I ran back to the nest. Mama Osprey sat on her egg(s), quietly without a peep. Watching the danger in the sky. No alarm calls. It was better to remain silent and pretend to be invisible.
I knew there was a Bald Eagle nest on the other side of the bay, and gathered this might be the couple. They appeared to be completely taken by their courting dance high up in the air, and not hunting. After about five minutes they disappeared towards the bay. I could almost hear the sigh of relief from Mama Sandy. And soon Papa Stanley arrived back to the nest with his still uneaten fish. Better safe than sorry.
The danger was over and weekend was going great again.
I hope your weekend is going well too. Reporting from the salt marsh, Tiny
This weeks report from the salt marsh is all good news, but no breaking news as yet. No eggs in the nest for Mama and Papa Osprey. Not that they haven’t been trying, but I guess it’s not yet the time.
It’s been great seeing the two. Now that the nest is all repaired, and the nursery done, they have devoted time to each other, mating and feasting on all kinds of fish. And they share, too. When Mama is done, Papa eats the rest, and vice versa. Like another honeymoon, yet again.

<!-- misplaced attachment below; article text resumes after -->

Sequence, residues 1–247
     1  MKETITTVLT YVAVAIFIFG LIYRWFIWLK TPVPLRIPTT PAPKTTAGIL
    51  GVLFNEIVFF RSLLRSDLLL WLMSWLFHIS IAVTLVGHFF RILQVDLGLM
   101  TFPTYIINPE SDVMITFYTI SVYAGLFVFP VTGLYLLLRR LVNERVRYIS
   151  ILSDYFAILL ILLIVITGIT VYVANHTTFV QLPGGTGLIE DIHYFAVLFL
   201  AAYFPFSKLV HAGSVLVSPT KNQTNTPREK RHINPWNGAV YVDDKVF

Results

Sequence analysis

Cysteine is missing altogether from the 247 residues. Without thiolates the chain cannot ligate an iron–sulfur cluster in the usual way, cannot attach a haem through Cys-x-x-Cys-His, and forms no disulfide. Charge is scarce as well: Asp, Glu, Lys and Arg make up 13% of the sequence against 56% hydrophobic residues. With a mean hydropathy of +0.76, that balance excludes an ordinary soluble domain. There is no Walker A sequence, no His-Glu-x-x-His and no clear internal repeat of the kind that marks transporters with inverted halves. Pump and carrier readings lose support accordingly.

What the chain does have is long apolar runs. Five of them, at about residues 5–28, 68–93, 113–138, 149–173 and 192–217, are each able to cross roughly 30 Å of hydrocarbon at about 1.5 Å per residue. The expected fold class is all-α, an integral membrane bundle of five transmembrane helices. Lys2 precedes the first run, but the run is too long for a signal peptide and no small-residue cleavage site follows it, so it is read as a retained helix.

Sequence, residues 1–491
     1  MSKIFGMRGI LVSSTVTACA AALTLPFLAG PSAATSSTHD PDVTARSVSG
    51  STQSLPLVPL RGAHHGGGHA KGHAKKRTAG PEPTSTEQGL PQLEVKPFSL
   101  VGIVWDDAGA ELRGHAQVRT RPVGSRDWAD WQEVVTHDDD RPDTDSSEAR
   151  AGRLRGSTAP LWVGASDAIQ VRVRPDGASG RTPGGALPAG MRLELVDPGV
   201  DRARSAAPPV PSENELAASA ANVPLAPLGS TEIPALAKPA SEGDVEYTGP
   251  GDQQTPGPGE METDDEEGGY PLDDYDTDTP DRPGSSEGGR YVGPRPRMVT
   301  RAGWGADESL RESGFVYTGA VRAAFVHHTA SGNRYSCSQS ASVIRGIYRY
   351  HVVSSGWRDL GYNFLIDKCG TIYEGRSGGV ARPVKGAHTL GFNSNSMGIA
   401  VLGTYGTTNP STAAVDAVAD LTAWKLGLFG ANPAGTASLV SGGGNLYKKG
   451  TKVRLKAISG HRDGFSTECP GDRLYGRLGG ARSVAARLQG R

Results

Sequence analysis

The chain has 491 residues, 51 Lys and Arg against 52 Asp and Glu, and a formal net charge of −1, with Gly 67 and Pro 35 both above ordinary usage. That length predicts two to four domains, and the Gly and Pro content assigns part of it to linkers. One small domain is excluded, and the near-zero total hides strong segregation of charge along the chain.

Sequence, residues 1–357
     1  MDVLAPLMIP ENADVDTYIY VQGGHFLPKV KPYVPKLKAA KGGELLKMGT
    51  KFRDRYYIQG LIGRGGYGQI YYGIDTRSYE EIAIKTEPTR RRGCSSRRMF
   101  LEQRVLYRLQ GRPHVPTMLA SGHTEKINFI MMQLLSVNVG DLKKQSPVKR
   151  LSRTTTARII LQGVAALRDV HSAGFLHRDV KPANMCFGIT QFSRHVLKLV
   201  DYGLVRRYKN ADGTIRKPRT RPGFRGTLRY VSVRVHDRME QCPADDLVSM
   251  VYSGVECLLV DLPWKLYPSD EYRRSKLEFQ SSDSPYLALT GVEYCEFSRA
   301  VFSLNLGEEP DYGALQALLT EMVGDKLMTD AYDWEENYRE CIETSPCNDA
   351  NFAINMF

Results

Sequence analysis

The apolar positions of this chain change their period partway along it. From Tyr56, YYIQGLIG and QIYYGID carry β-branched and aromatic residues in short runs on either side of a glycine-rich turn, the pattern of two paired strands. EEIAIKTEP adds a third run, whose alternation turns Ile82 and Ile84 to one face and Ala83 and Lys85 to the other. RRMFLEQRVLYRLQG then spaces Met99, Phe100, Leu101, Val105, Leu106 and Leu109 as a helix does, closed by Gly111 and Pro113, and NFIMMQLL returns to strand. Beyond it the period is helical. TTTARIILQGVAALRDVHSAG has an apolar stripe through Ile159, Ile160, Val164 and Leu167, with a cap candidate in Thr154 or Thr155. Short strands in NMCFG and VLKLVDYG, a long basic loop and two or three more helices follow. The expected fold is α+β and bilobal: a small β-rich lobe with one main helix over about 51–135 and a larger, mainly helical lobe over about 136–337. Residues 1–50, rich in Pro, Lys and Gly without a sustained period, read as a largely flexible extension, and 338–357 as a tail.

Papa Stanley does most of the fishing now. The other day I saw him fishing far out on the ocean, ready to dive. But then I lost him in the bright blue skies.
Papa does most of the shuttling too. He comes and goes, Mama stays at the nest most of the time.
This morning, however, I was surprised to find Papa Stanley alone in the nest. He was on guard duty. Scanning the skies with a sharp eye. I was wondering about Mama Sandy. Where did she go?
I walked away from the nest to see other birds. Then saw Mama Sandy fly in with a huge fish, half eaten. She had either been fishing by herself or gotten a fish from Papa, but had preferred to “eat out”. I guess variety is the spice. Both of them were too full to eat more, so she just held on to it and dozed off. Under Papa Stanley’s watchful eye. With the fish still in her right talon. I guess that’s what pregnancy does even to the ospreys, lots of napping.
The breeding season is getting closer for many other residents as well. I noticed the Great Blue Heron, the Mayor of the Marsh, is sporting longer plumes now. Quite impressive looking, even when hunching like this.
And so is the Reddish Egret, the showman of the marsh. He is loud and very expressive, to say the least. And he’s a good hunter.